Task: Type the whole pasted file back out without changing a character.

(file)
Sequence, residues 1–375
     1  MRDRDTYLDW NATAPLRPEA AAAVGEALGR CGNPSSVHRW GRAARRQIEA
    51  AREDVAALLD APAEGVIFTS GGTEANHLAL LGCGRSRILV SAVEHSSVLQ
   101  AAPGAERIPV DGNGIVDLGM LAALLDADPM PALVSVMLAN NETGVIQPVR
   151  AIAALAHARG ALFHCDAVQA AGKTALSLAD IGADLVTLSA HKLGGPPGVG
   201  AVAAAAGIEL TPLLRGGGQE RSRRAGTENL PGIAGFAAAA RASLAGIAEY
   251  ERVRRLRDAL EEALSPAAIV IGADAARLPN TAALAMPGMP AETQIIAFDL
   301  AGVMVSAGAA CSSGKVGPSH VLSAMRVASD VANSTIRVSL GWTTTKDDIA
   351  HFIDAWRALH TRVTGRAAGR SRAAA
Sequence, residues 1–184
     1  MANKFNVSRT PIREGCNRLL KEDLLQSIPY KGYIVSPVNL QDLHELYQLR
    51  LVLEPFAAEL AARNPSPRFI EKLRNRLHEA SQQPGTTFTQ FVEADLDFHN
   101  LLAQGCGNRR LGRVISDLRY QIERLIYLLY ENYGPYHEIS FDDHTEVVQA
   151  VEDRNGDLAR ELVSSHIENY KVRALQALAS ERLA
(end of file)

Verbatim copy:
Sequence, residues 1–375
     1  MRDRDTYLDW NATAPLRPEA AAAVGEALGR CGNPSSVHRW GRAARRQIEA
    51  AREDVAALLD APAEGVIFTS GGTEANHLAL LGCGRSRILV SAVEHSSVLQ
   101  AAPGAERIPV DGNGIVDLGM LAALLDADPM PALVSVMLAN NETGVIQPVR
   151  AIAALAHARG ALFHCDAVQA AGKTALSLAD IGADLVTLSA HKLGGPPGVG
   201  AVAAAAGIEL TPLLRGGGQE RSRRAGTENL PGIAGFAAAA RASLAGIAEY
   251  ERVRRLRDAL EEALSPAAIV IGADAARLPN TAALAMPGMP AETQIIAFDL
   301  AGVMVSAGAA CSSGKVGPSH VLSAMRVASD VANSTIRVSL GWTTTKDDIA
   351  HFIDAWRALH TRVTGRAAGR SRAAA
Sequence, residues 1–184
     1  MANKFNVSRT PIREGCNRLL KEDLLQSIPY KGYIVSPVNL QDLHELYQLR
    51  LVLEPFAAEL AARNPSPRFI EKLRNRLHEA SQQPGTTFTQ FVEADLDFHN
   101  LLAQGCGNRR LGRVISDLRY QIERLIYLLY ENYGPYHEIS FDDHTEVVQA
   151  VEDRNGDLAR ELVSSHIENY KVRALQALAS ERLA